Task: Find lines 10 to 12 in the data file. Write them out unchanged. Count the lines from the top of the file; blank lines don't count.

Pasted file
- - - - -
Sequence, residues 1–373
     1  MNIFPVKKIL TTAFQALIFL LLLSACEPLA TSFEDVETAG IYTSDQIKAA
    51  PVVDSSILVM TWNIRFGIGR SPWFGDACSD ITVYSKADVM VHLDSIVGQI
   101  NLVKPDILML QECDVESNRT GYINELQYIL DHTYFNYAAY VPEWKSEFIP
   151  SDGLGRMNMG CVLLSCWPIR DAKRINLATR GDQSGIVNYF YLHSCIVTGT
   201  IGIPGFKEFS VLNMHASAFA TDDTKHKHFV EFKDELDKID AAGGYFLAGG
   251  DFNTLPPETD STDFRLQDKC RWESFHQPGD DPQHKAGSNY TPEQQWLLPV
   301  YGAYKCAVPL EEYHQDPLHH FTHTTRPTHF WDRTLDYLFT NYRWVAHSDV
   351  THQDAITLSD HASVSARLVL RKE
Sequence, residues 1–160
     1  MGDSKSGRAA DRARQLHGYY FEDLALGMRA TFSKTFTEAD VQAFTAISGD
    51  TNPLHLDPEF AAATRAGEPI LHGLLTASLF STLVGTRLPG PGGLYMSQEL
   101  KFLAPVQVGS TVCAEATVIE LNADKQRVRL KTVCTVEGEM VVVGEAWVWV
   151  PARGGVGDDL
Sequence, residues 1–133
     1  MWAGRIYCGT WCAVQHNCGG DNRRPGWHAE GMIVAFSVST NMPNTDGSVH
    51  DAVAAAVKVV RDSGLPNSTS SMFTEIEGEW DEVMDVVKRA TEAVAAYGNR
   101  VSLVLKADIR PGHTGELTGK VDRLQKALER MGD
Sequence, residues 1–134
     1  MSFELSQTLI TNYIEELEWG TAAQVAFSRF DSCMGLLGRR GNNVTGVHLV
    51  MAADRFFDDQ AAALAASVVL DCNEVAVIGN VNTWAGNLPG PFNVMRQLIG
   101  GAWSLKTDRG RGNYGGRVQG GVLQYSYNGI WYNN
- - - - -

Sequence, residues 1–160
     1  MGDSKSGRAA DRARQLHGYY FEDLALGMRA TFSKTFTEAD VQAFTAISGD
    51  TNPLHLDPEF AAATRAGEPI LHGLLTASLF STLVGTRLPG PGGLYMSQEL